Many hiring managers prefer the power of intuition and chemistry (i.e. personality and likeability) to hard data and rational arguments as critical factors for candidate selection.
Austin, Texas (PRWEB) November 18, 2015
With so much career advice on the Internet, it can be difficult to know the best way to get hired or plan a career transition. Regardless of expertise, cover letter, or résume, there are always factors beyond one's control that may determine whether a job interview or offer is extended.
However, there are ways to demonstrate skills, knowledge, and experience that can lessen the impact of those factors. Three critical factors form the foundation of any successful career strategy: (1) How well an applicant's value (the benefits of expertise and accomplishments) addresses the hiring manager’s issues and needs; (2) The strength of the applicant's continuum of belief (those elements of value the applicant provides) established with the hiring manager as the applicant proceeds through the hiring process; and (3) The applicant's value proposition, a promise of value to be provided. These three factors together help create and promote a professional brand, which is essential to any career strategy.
Communicating your value to a hiring manager is first conveyed in your cover letter. You have less than seven seconds to grab a hiring manager’s attention so get to the point in the first sentence. Hiring managers prefer to read about the future benefits of your expertise, not the features of your past experience. In other words, the tone of your cover letter needs to be, “here’s what I can do for you going forward.” You “sell the sizzle” of your expertise in the cover letter to get the hiring manager to look at your résumé.
Your Continuum of Belief
Becoming the hiring manager’s preferred candidate requires an understanding of an important marketing principle: Value is what connects the person with a need to the person who can fulfill that need. It’s the same whether you are selling cars or your professional expertise. If the person with the need perceives and believes that you will fulfill that need, then you offer real value and can make the sale.
Creating that unique advantage is about demonstrating how you are the best candidate for solving other people’s problems. A career filled with accomplishments helps here. This continuum of belief you are establishing in the hiring manager’s mind is conveyed through your cover letter, résumé, and interview skills.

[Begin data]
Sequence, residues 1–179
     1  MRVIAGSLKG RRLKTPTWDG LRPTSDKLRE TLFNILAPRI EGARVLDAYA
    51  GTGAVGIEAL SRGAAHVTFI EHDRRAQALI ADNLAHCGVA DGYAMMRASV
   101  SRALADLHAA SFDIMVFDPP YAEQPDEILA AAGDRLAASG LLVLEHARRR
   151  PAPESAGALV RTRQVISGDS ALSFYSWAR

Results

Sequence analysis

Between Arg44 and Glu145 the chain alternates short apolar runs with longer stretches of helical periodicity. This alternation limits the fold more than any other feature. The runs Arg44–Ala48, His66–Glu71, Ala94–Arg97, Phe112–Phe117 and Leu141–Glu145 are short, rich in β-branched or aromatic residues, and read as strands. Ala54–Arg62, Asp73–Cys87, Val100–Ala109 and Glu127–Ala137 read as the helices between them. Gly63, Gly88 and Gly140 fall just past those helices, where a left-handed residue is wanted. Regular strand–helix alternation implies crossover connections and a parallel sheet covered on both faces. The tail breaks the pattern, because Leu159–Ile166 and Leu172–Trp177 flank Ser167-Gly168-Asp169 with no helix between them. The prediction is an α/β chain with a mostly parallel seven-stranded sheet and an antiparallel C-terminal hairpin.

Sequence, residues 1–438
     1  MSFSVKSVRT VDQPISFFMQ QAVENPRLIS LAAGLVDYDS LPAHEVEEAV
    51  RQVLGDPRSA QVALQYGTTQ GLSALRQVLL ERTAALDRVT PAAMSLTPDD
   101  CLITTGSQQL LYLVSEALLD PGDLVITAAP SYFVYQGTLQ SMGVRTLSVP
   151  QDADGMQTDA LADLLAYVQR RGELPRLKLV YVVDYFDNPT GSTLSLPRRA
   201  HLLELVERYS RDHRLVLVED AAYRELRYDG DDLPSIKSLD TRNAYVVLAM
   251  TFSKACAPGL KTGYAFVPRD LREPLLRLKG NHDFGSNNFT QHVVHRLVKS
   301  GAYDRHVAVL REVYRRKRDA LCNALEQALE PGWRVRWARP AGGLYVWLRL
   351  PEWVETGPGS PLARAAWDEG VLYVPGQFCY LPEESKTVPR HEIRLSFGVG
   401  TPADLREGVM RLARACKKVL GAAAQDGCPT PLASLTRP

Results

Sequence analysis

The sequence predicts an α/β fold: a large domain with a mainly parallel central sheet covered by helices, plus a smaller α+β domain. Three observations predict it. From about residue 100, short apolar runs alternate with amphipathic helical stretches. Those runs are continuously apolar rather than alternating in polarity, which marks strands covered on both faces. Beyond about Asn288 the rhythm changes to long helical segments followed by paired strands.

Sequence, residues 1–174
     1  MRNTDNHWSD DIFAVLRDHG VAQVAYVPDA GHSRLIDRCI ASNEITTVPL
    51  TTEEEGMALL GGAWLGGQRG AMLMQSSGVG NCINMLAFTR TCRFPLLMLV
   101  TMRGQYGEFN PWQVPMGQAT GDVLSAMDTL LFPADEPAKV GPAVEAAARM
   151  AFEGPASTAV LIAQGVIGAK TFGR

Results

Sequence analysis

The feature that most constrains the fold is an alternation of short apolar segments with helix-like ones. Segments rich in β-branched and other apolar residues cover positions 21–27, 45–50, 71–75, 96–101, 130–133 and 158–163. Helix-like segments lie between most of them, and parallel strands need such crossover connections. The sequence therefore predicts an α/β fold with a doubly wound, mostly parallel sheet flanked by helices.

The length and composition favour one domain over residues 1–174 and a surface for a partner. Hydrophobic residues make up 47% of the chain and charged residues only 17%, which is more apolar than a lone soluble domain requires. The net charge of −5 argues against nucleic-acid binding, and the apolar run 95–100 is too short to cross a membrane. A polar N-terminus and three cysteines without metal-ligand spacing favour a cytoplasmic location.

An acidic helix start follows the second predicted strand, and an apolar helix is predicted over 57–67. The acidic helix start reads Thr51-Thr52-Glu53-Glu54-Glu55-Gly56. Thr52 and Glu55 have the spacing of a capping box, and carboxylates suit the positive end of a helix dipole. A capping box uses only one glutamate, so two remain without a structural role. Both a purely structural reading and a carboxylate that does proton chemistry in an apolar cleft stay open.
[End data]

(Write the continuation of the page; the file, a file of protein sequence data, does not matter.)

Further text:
Your Value Proposition
Your value proposition clearly states (in writing and verbally):
- How your expertise solves problems for the hiring manager and others, such as customers, vendors, clients
- How your expertise benefits others (quantified value, such as revenues generated, costs avoided, percent improvement)
- How your expertise differentiates you from other candidates
A solid value proposition describes how you uniquely create value for clients, companies, and stakeholders. It is the primary reason why a prospective employer or client selects your services over all other competitors. Your value proposition is an elevator pitch that answers the question: “Why should I hire you?” Your professional brand supports the essential message of your value proposition. Bundled together, they remove all others from consideration for the job or contract.
A carefully planned strategy reinforces unique competitive advantages and reduces the time to the next step of a career. In today’s aggressive job market, a great question to ask every day is “What did I do today to create that unique advantage for my career strategy?”
Donn LeVie Jr. is an award-winning author, consultant, and speaker with more than 25 years in various hiring manager positions for Fortune 500 companies. He is the author of Confessions of a Hiring Manager Rev. 2.0 and Strategic Career Engagement: The Definitive Guide for Getting Hired and Promoted.